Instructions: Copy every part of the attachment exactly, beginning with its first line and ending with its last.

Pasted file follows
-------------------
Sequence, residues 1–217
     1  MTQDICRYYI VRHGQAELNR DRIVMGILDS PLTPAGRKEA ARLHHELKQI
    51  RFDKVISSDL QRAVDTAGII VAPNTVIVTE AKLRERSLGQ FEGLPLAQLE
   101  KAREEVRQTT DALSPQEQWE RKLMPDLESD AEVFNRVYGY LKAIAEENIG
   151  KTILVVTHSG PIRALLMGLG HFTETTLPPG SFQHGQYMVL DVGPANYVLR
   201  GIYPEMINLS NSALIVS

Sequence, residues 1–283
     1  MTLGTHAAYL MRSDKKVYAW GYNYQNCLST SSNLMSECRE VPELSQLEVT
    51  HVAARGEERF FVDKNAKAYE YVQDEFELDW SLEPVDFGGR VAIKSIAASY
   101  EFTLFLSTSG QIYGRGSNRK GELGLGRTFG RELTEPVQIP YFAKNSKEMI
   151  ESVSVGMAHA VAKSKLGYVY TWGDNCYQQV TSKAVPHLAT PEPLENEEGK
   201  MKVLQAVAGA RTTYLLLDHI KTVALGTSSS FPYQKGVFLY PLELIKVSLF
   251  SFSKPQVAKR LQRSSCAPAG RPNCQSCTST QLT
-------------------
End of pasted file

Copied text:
Sequence, residues 1–217
     1  MTQDICRYYI VRHGQAELNR DRIVMGILDS PLTPAGRKEA ARLHHELKQI
    51  RFDKVISSDL QRAVDTAGII VAPNTVIVTE AKLRERSLGQ FEGLPLAQLE
   101  KAREEVRQTT DALSPQEQWE RKLMPDLESD AEVFNRVYGY LKAIAEENIG
   151  KTILVVTHSG PIRALLMGLG HFTETTLPPG SFQHGQYMVL DVGPANYVLR
   201  GIYPEMINLS NSALIVS

Sequence, residues 1–283
     1  MTLGTHAAYL MRSDKKVYAW GYNYQNCLST SSNLMSECRE VPELSQLEVT
    51  HVAARGEERF FVDKNAKAYE YVQDEFELDW SLEPVDFGGR VAIKSIAASY
   101  EFTLFLSTSG QIYGRGSNRK GELGLGRTFG RELTEPVQIP YFAKNSKEMI
   151  ESVSVGMAHA VAKSKLGYVY TWGDNCYQQV TSKAVPHLAT PEPLENEEGK
   201  MKVLQAVAGA RTTYLLLDHI KTVALGTSSS FPYQKGVFLY PLELIKVSLF
   251  SFSKPQVAKR LQRSSCAPAG RPNCQSCTST QLT